Today concludes this week’s series, End of Watch: What Happens to Veterans Waiting for Help, our attempt to understand why so many U.S. veterans take their own lives. The rate has increased to 22 per day, far exceeding the number of military personnel killed in combat zones. At the same time, the number of former service members waiting for a response from the Department of Veterans Affairs for their mental and physical treatment topped out at 900,000 this year. The average wait time in some parts of the country is more than 600 days.
Daniel Somers clearly placed the blame on the shoulders of the government when he killed himself on June 10th after suffering PTSD and traumatic brain injury for at least eight years. Some veterans repeat the chant, “Delay, Deny, Wait til I Die.” Tom Tarantino of the organization, Iraq and Afghanistan Veterans of America, says 19,000 former service men and women have died waiting for their benefits in recent years.
But the factors that lead someone to commit suicide are complicated. A recent study by the Journal of the American Medical Association indicates that exposure to combat does not increase the likelihood that a service member will take his or her own life.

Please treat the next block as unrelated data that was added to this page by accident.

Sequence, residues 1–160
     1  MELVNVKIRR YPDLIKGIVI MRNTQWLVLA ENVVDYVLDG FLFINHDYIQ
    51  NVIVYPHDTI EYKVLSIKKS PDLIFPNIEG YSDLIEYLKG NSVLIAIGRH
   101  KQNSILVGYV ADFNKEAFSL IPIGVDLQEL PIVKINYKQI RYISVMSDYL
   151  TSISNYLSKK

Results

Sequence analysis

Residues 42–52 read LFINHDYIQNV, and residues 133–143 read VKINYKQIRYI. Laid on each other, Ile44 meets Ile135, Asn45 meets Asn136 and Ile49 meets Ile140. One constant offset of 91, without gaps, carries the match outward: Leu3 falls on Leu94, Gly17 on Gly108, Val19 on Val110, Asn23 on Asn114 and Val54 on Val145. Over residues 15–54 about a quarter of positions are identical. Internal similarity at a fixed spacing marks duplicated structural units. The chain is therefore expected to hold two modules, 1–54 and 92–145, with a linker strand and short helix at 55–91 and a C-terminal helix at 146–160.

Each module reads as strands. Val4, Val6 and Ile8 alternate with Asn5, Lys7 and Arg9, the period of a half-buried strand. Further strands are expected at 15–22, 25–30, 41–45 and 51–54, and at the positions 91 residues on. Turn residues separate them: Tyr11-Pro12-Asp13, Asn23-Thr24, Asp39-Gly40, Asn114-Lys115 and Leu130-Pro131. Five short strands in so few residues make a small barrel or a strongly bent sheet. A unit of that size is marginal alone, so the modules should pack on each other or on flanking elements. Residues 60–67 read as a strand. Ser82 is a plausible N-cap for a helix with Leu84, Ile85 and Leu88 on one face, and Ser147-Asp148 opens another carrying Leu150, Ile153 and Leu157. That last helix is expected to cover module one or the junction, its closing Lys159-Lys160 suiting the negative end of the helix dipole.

In any event, it’s clear that the backlog at the VA is causing undue stress and hardship on those who who have sacrificed greatly while serving our nation.
In June, Army veteran Daniel Somers took his own life after ten long years with PTSD and a lack of help from the Department of Veterans Affairs. His parents, Howard and Jean Somers, join Bob to discuss what happened before and after the suicide.
Dr. Gordon Williams is a clinical psychiatrist who recently resigned from the Department of Veterans Affairs due to frustration with management. It was a difficult decision, he says, but he’d rather return to private practice than continue to fight the treatment methods at the VA. He’s joined by fellow veteran Michael Swinford who helps give support to suicidal veterans while struggling with his own suicidal tendencies. Then, until December 2012 when he resigned in protest, Steven Coughlin was a senior epidemiologist at the Department of Veterans Affairs who was lead author on two of the biggest studies the VA has conducted on veterans of the Gulf, Iraq and Afghanistan wars. Dr. Coughlin says the agency intentionally manipulated and suppressed research data and failed to follow up with suicidal veterans, all of which endangered lives.
Justin Fraley is an Iraq War combat veteran with PTSD who’s struggled to get proper diagnosis and benefits from the Department of Veterans Affairs. He and his wife Brittney are in marriage counseling in addition to his own therapy, which they are now paying for out of pocket. Then, Bob talks to reporter Aaron Glantz of the Center for Investigative Reporting. Through leaked internal VA documents, he discovered the full extent of the veterans benefit backlog and the incoherent reasons for it.